Gardening: The Rich Brothers give tips on planting with pots

BBC Radio 4’s Gardeners’ Question Time Q&A was hosted by Peter Gibbs this week with a plethora of experts answering Britons’ burning gardening questions. After the experts answered several questions, RHS Wisley gardener Alex Young explained to listeners how to repot their houseplants. Mr Gibbs said: “It’s all too easy when you buy an indoor plant to just treat it like a piece of furniture I suppose.

“We bring it home, we pop it where we hope it’ll be happy and then walk away.

“Just a case of watering it when we notice it’s a bit thirsty.

“But of course we can all do better. This time of year is perfect for treating your beloved indoor plant to a new home.

“Here’s RHS Wisley’s Alex Young with a guide to how to do it properly.”

Mr Young said there are a few ways to tell when your pot needs to be repotted.

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“If roots are visible on the surface of the pot or are trying to escape out the drainage holes, this indicates your plant is pot bound and will most definitely need a new pot,” he explained.

The gardening expert also said you can tell whether your plant needs re-potting by how it’s behaving.

He said: “If the new growth is substantially slower and smaller than the older growth, there’s a chance the roots could be a little bit constricted and aren’t drawing up enough water and nutrients and will therefore need more room to play.”

Mr Young said you can repot houseplants at any time of year as long as you can give the plant “everything it requires”.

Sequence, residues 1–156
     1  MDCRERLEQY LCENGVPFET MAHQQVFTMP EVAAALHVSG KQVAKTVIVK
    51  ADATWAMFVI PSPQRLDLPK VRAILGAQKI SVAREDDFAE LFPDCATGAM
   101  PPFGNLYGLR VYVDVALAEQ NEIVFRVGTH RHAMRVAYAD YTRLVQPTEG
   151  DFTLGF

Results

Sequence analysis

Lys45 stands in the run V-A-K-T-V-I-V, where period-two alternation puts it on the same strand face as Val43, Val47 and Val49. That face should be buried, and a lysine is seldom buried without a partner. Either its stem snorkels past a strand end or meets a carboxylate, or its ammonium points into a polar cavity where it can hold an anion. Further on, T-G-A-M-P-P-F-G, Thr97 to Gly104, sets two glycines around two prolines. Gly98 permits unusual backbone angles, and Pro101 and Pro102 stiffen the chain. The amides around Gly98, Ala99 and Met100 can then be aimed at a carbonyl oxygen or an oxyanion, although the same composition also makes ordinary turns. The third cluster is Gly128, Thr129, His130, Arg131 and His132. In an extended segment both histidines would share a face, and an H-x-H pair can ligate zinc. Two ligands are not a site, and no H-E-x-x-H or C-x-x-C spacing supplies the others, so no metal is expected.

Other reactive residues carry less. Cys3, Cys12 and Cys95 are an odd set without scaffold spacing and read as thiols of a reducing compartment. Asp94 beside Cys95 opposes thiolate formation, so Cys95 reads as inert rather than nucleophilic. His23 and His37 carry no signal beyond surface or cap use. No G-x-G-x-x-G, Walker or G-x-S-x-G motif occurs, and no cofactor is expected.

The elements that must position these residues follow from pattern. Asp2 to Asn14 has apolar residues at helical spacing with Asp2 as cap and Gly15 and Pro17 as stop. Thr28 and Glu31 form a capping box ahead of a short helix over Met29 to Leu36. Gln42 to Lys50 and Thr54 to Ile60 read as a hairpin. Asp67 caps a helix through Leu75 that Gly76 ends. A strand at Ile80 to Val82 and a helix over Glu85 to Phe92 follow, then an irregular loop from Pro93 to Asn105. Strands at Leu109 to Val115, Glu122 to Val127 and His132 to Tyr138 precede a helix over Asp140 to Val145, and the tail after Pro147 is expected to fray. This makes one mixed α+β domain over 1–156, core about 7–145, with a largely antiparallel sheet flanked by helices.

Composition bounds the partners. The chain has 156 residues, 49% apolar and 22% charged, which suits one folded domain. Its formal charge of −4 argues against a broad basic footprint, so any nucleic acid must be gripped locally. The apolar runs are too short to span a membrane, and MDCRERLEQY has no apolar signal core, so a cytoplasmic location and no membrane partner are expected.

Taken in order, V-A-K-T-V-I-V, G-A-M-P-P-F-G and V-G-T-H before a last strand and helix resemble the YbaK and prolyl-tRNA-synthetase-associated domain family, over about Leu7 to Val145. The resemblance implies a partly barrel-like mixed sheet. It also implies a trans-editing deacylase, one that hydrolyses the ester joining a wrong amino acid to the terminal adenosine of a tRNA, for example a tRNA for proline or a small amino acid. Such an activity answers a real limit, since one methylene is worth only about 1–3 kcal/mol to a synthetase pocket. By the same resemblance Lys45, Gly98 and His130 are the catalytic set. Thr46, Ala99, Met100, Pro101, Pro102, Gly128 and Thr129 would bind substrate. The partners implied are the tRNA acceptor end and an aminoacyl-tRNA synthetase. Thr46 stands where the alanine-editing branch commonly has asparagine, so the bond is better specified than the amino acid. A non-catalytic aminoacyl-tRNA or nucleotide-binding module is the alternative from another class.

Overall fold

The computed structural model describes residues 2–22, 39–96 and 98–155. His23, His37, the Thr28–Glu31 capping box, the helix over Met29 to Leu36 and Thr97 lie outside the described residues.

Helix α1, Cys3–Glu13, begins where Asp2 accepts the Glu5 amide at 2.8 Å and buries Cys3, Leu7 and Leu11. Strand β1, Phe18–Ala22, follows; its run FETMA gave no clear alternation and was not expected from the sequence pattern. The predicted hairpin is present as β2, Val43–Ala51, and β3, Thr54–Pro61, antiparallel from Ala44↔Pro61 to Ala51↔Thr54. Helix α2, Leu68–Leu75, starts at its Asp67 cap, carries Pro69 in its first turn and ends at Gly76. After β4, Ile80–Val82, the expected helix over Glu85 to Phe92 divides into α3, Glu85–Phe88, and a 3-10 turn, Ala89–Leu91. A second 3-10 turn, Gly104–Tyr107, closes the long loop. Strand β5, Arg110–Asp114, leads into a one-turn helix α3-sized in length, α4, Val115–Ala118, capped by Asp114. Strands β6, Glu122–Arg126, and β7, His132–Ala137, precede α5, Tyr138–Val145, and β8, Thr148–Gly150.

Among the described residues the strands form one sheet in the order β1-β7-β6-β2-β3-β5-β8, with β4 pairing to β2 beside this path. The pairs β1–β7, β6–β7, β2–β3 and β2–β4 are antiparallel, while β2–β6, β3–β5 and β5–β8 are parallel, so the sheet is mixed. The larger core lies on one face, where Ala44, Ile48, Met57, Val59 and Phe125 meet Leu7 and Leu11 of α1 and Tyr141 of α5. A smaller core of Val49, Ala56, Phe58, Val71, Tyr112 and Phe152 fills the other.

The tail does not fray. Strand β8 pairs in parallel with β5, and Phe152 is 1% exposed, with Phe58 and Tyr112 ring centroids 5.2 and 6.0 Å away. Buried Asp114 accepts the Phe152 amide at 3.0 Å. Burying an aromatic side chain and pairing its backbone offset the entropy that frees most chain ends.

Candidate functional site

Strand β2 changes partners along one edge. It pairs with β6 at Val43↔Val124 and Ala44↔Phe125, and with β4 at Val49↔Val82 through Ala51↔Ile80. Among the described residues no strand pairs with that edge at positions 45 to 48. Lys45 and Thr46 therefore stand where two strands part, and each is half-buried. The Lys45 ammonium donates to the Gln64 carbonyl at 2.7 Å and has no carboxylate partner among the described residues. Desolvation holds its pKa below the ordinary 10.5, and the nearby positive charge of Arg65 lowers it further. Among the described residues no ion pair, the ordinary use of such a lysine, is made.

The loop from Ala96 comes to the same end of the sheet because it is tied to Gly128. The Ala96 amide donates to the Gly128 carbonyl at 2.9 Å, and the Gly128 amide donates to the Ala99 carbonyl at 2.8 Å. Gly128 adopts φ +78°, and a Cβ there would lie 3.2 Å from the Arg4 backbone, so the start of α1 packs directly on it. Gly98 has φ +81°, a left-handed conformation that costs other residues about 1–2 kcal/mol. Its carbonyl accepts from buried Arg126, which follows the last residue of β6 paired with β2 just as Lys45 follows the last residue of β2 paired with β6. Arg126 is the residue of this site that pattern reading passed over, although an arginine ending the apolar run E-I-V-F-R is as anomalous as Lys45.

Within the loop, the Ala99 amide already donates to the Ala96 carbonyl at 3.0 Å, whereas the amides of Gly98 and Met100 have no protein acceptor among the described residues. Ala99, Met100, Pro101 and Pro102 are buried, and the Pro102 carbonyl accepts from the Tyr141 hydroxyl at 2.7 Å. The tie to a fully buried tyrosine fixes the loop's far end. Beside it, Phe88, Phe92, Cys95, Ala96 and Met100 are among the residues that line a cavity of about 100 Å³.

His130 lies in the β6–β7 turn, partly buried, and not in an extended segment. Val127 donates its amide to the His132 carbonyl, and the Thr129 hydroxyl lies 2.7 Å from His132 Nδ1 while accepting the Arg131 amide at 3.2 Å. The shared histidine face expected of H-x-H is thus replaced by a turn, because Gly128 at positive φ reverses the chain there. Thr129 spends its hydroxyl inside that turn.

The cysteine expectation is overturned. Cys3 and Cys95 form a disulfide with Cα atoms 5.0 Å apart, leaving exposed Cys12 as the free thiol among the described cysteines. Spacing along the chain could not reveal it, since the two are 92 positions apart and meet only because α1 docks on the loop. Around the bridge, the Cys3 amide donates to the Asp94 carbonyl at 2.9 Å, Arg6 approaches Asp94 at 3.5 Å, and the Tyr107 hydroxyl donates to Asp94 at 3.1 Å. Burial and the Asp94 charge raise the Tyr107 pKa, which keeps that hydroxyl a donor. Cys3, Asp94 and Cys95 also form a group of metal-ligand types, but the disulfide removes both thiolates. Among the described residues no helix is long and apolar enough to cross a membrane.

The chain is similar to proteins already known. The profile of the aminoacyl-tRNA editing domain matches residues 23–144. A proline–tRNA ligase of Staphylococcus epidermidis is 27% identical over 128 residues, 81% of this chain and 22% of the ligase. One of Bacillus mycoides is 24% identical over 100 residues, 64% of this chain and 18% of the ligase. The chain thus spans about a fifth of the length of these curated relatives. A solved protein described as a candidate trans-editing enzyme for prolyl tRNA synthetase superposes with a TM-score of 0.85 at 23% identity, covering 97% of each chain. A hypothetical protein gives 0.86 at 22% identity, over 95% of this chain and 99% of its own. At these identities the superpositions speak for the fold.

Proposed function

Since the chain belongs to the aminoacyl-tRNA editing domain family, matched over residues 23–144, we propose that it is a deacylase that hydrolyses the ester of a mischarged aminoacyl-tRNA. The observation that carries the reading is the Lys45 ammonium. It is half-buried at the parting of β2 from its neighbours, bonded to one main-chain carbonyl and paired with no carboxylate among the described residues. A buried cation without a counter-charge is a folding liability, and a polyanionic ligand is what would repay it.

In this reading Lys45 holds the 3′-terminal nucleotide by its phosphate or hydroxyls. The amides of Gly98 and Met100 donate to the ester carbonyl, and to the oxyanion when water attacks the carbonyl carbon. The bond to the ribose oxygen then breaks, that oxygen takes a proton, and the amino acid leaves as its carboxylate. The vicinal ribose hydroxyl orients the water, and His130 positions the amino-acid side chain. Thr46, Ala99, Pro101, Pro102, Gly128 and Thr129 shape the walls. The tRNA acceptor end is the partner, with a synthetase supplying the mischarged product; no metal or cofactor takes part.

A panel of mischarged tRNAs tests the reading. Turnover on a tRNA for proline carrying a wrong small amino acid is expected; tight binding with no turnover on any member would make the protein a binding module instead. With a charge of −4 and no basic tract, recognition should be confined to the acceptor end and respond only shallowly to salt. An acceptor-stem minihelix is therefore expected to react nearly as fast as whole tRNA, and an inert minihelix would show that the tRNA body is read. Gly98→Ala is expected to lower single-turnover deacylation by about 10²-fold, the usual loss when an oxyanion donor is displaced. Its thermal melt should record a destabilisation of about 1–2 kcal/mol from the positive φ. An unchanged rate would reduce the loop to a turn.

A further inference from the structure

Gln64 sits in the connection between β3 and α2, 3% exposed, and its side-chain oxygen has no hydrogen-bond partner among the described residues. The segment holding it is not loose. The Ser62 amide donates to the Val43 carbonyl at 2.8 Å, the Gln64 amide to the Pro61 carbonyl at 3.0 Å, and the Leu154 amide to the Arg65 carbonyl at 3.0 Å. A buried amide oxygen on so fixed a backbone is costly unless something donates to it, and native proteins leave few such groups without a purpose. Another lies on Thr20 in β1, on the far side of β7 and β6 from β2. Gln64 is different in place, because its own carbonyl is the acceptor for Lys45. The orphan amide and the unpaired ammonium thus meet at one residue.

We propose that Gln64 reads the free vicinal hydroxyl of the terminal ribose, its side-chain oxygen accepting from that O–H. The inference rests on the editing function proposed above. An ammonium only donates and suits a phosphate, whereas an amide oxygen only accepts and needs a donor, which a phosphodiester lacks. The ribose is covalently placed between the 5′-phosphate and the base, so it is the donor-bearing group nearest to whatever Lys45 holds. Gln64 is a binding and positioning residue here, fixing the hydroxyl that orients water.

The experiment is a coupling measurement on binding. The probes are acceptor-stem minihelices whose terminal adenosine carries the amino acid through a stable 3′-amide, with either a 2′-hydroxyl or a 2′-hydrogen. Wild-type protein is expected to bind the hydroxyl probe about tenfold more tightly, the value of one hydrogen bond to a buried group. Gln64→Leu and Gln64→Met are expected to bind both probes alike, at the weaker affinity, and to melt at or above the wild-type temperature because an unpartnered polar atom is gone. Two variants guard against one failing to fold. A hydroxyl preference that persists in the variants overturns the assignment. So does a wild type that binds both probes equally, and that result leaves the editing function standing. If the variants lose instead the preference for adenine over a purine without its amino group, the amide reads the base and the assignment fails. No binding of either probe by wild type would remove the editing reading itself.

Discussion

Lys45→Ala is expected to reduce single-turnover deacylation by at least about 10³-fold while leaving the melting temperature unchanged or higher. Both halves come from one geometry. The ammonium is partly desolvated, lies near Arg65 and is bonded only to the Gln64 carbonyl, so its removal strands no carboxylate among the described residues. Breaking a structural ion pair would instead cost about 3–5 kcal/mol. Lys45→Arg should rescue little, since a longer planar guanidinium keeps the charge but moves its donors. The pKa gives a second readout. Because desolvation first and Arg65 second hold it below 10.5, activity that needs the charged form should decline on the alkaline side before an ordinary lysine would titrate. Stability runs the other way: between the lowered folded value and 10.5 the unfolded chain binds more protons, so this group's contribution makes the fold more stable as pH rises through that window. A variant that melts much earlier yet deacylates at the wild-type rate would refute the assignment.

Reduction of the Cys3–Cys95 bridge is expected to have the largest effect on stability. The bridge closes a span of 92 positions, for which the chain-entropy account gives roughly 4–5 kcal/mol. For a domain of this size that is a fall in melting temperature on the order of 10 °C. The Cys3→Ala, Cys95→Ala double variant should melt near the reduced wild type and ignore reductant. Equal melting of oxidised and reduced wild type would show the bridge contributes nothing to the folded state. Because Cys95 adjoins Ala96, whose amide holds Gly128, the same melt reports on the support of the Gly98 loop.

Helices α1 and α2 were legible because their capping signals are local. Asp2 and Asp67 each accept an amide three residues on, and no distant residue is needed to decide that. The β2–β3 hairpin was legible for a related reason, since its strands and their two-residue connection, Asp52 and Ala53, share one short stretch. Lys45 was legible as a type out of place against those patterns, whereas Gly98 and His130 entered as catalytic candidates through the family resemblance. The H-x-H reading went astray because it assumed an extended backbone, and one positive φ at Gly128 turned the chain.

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These requirements include a good amount of light, plenty of water and nutrients, the right temperature and the ideal humidity level.

Winter is a good time to repot as the plant will be less stressed and pots will be less prone to drying out, according to Mr Young.

He recommends repotting in mid-February with gives the plant enough time to get used to its new pot.

He added: “When spring arrives in March, gifting us more light, your plant is ready to romp away.”

Choosing a new pot isn’t as complicated as you may think.

You need to go up a size by a minimum of two inches.

If the pot is too big, it could hold too much water and put your plant at risk of health problems such as root rot.

When you repot your plant, Mr Young said it’s important to try and tease off as much of the old soil as possible without damaging too much of the root system.

Mr Young recommends using a chopstick to poke the root bulb gently which will knock off any soil and move it away from the roots.

He also told listeners not to reuse old soil as plants often drain soil of its nutrients.

The RHS Wisley gardener also said Britons should check what soil their plant needs by doing some research.

Certain plants may need better drainage compared to others, for example.

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